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The Epoch Times
The Epoch Times
11 Feb 2023

NextImg:China Builds for South Polar Nuclear Strikes


When China tested its fractional orbital bombardment system (FOBS) nuclear delivery weapon in July and August 2021, it said nothing about its plans for developing this weapon.

First produced by the former Soviet Union in the late 1960s to better evade the U.S. early warning radar, China’s FOBS can do that but could also evolve into a potent space weapon.

Two recent Chinese revelations may indicate that China intends to build a robust FOBS capability that could include various liquid and solid-fueled launchers, large and small warhead dispensing “buses,” and exploitation of launch opportunities from multiple axes on the globe.

Early in the U.S.-Soviet intercontinental ballistic missile (ICBM) competition, the Soviets decided they needed to evade early U.S. and Canadian ballistic missile early warning (BMEW) radar that, despite the curvature of the Earth over the Arctic, could provide useful warning of Soviet ICBMs that could fly to altitudes over 1,000 miles over their ballistic arcs.

But in the mid to late 1960s, Soviet designers like Sergei Korolev and Mikhail Yangel had developed ICBMs that would place a warhead bus into low Earth orbit (LEO, 125 to 300 miles), but go the opposite direction down to the South Pole and strike U.S. targets from southern approaches not defended by BMEW radar. The bus would then use thrusters to decelerate to allow strikes with nuclear warheads.

For its July and August 2021 test flights, China used a 1980s vintage workhorse satellite-lofting China Aerospace Science and Technology Corporation (CASC) Long March-2C space launch vehicle, but equipped with a new final stage “bus” that also circled the Earth on a South Polar trajectory over Antarctica.

It is very likely that the Chinese FOBS bus decelerated before launching a hypersonic glide vehicle (HGV) warhead at a target in China. HGVs are maneuverable and can exploit long and low trajectories to “sneak” up on a target.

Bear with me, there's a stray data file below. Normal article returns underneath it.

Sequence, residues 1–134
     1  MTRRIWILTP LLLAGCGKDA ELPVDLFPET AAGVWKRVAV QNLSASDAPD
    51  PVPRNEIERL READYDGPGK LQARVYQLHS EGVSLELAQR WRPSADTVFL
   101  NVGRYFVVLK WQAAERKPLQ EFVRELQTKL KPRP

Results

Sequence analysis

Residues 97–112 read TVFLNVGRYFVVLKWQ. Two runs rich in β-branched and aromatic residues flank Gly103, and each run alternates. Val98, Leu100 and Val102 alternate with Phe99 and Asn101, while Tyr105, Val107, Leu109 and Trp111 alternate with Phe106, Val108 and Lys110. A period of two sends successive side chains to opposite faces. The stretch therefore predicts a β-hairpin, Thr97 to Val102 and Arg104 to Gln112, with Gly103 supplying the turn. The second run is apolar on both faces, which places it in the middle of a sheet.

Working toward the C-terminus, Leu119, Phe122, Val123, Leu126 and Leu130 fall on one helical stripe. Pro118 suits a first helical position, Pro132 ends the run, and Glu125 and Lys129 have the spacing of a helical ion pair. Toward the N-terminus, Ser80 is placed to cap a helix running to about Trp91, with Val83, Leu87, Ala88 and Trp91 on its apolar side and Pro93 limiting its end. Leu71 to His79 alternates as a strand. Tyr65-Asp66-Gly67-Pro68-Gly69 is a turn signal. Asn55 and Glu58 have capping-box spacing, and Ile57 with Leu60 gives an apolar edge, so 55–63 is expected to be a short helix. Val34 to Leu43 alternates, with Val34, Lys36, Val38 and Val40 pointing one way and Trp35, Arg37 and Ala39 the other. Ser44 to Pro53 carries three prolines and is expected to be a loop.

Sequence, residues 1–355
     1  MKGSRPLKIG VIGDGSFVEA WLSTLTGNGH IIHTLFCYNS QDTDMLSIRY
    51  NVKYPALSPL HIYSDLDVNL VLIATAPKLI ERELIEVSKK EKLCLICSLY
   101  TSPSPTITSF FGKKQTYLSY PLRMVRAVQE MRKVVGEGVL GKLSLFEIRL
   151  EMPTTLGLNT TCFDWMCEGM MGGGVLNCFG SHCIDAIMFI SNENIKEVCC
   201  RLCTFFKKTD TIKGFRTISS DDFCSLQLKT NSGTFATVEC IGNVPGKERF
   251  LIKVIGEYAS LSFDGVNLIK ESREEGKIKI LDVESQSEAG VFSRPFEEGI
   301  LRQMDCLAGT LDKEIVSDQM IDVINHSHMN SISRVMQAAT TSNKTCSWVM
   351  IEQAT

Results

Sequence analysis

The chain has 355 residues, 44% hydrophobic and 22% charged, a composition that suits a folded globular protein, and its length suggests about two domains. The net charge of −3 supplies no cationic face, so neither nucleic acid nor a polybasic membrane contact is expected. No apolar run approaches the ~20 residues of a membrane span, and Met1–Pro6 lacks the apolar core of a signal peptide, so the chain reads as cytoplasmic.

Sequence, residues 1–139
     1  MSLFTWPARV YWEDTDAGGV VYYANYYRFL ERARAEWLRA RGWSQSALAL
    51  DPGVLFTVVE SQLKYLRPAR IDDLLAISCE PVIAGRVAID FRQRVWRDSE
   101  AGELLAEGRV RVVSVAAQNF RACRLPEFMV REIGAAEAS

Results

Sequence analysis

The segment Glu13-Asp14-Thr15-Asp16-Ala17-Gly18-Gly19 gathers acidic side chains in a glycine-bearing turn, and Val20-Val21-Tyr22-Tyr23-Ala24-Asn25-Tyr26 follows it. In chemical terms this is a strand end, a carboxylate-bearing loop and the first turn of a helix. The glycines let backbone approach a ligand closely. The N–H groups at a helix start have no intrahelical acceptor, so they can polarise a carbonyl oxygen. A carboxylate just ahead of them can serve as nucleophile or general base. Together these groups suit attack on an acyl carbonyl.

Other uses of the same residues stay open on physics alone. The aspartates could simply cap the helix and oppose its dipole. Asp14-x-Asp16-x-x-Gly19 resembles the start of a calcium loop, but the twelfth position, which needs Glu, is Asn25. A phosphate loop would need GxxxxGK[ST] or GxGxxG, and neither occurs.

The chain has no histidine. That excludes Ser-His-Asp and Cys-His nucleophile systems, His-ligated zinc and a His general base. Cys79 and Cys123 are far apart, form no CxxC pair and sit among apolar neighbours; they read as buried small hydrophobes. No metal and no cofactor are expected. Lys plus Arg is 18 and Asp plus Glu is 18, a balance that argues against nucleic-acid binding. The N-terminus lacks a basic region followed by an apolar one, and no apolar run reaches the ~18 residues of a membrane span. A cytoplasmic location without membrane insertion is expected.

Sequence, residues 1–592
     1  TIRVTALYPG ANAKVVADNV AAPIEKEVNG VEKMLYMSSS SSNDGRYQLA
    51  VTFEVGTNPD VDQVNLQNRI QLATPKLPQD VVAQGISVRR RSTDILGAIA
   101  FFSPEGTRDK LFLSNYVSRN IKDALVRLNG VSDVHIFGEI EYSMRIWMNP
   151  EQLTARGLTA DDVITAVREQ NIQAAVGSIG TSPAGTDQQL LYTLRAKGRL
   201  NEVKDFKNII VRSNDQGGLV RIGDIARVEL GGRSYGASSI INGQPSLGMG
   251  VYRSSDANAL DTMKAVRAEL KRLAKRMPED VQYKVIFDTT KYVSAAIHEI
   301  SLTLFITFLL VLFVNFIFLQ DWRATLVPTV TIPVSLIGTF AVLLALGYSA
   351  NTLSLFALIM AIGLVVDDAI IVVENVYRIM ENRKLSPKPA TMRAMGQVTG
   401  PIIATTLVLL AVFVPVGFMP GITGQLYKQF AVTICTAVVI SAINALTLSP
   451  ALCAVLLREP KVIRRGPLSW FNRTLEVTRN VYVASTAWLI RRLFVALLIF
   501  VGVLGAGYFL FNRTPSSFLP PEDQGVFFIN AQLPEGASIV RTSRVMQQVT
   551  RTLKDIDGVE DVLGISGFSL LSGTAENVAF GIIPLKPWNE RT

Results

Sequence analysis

Older, reliable liquid fuel launchers like the Long March-2C can loft warhead-dispensing FOBS buses that can circle the Earth for months before a conflict. This gives the Chinese regime the option for multi-axis, devastating nuclear first strikes or surprise non-nuclear attacks against targets on land or at sea.

But Chinese rocket companies like CASC and the China Aerospace Science and Industry Corporation (CASIC), as well as new “private” space launch vehicle (SLV) companies, offer great potential for developing more mobile solid-fuel FOBS platforms.

A security guard stands next to models of Chinese rockets on display in Beijing on Sept. 24, 2013. The Chinese regime is testing weapons that could soon endanger satellites in all orbits. (Mark Ralston/AFP/Getty Images)

These range from the massive CASIC solid fuel Kuaizhou-31 that can loft 70-ton payloads into orbit to the smaller CASC Jielong-3—based on the DF-41 ICBM—that can loft 1.5 tons to a 300-mile orbit.

The Jielong-3 has been used to launch surveillance satellites of the new Hong Kong Aerospace Technology Group (HKATG), which on Jan. 9 announced, with Djibouti’s President Ismail Omar Guelleh, their initialing of a $1 billion deal to build a space launch facility with up to seven space launch platforms by 2028. This would be China’s first foreign-deployed space launch base.

But just to be sure the world did not conclude that Djibouti would be allowing China to launch nuclear weapons, on the very same day, the authoritarian Guelleh government signed the United Nations Treaty on the Prohibition of Nuclear Weapons.